Overcoming bias in recruitment: A guide to inclusive hiring practices
Published on: 11 Sep, 2023
What Constitutes Inclusive Hiring?
Inclusive hiring is the practice of offering suitable roles to individuals with physical, mental, or intellectual challenges. It encompasses not just the act of hiring but extends to mentoring, supporting the hiring organization, and even counselling the family and support network of the hired individual. Understanding and accepting people’s disabilities is a prerequisite for building an inclusive workplace culture, and then one can implement inclusive hiring practice in place. One may even in today’s age and time still ponder as to why inclusive hiring is important. One may still not want to look at the bigger picture. This however is a discussion that involves you and me!
Why is inclusive hiring important?
Even though nearly 15% of the world’s population lives with some form of disability, we continue to live in a world that looks at disability as an anomaly, something rare or atypical that is left to the margins of our imagination only, without any real or active involvement. This can also be seen in abundance in the widespread problem of bias against persons with disabilities in workplaces. The significance of inclusive hiring of individuals who are often labelled as "differently abled" or "physically" or "mentally" challenged, is glaringly evident even in the pervasive bias shown towards them in everyday interactions. Inclusive hiring is not just a matter of overcoming this deafening bias, but it involves creating an environment where these individuals can seamlessly integrate into society. It is the responsibility of the empowered majority to facilitate their comfortable assimilation.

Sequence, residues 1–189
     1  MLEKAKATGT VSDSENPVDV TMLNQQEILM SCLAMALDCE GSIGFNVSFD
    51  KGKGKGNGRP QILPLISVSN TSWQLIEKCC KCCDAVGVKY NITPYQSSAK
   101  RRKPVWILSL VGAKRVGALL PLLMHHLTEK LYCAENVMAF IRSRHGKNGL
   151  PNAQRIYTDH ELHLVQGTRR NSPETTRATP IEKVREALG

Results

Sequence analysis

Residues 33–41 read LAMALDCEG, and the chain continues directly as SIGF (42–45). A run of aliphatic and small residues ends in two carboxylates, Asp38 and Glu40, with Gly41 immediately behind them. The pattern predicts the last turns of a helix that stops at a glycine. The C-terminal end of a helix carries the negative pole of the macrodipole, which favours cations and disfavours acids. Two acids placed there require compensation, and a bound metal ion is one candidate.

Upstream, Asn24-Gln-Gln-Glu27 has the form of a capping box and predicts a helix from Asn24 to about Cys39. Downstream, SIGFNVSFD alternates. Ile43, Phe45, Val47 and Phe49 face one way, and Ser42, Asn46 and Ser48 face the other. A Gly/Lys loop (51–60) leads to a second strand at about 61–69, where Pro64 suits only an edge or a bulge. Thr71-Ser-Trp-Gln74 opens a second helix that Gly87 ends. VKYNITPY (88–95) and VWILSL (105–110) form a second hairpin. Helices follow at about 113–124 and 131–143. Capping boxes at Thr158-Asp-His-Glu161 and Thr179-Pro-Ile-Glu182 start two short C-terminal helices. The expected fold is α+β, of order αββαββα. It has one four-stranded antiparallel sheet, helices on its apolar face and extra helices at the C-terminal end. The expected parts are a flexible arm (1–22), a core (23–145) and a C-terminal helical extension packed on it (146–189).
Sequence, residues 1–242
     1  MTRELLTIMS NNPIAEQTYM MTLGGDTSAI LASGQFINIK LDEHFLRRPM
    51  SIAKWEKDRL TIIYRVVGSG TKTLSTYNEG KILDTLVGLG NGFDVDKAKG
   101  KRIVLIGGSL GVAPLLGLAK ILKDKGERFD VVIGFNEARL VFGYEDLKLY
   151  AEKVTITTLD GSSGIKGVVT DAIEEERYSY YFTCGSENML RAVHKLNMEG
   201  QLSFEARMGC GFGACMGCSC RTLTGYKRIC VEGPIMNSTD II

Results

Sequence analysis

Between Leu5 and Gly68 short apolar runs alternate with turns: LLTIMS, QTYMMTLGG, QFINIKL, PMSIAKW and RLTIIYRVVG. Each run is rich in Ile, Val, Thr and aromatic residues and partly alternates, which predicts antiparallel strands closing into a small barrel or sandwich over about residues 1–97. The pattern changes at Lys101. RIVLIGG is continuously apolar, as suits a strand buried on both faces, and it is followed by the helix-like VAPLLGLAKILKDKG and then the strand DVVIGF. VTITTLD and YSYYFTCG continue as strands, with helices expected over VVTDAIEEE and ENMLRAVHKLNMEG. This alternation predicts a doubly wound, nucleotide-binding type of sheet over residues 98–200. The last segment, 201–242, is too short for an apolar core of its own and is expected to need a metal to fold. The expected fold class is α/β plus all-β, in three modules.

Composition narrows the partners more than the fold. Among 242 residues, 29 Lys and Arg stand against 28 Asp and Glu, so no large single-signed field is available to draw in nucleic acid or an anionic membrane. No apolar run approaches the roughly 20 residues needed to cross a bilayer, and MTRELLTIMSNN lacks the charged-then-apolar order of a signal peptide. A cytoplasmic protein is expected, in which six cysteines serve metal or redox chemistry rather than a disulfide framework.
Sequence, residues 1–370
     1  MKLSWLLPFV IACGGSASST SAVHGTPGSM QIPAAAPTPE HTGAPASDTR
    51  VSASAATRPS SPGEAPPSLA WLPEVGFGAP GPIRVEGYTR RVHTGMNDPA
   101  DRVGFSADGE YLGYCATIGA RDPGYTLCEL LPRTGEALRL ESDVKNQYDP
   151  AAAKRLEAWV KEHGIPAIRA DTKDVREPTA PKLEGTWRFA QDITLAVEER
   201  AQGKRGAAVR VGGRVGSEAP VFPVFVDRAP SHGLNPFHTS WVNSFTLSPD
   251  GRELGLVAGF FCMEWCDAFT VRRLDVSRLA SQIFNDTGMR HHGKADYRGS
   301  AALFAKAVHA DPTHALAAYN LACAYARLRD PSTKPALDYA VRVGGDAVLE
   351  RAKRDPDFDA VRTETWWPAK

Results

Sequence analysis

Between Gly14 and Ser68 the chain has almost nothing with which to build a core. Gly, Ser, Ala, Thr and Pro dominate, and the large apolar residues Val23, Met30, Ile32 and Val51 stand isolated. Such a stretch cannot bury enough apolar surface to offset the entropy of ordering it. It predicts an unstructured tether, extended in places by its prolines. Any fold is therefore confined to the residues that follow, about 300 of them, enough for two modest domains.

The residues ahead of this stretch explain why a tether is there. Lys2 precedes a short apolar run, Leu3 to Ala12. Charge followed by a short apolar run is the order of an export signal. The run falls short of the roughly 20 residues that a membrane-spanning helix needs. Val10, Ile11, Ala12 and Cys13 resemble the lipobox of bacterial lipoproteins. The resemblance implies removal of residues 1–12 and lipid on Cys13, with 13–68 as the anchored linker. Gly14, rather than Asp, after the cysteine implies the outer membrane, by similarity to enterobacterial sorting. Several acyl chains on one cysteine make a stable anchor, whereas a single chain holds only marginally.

Of course, it is encouraging to note that many responsible organizations are now providing meaningful jobs to differently abled individuals. Some are even crafting new positions specifically to accommodate them, fostering acceptance and appreciation for their unique capabilities and challenges. The goal is to empower these individuals to lead fulfilling lives and be proud contributors to their families, communities, and workplaces. It is worth noting that the challenges aren't exclusive to those with disabilities. Even so-called "normal" individuals encounter hurdles when coordinating with others, setting goals, and maintaining accountability.
How to have an Inclusive hiring process?
Inclusive hiring necessitates navigating these complexities while considering sensitivities, obligations, and organizational interests. The true benefit lies in the satisfaction derived from mentoring without apprehension, imparting knowledge selflessly, and yet, keeping the organization's mission in sight. This satisfaction transcends typical performance metrics, becoming a source of joy for mentors with every small success achieved by their mentees.
Establishing an inclusive recruitment process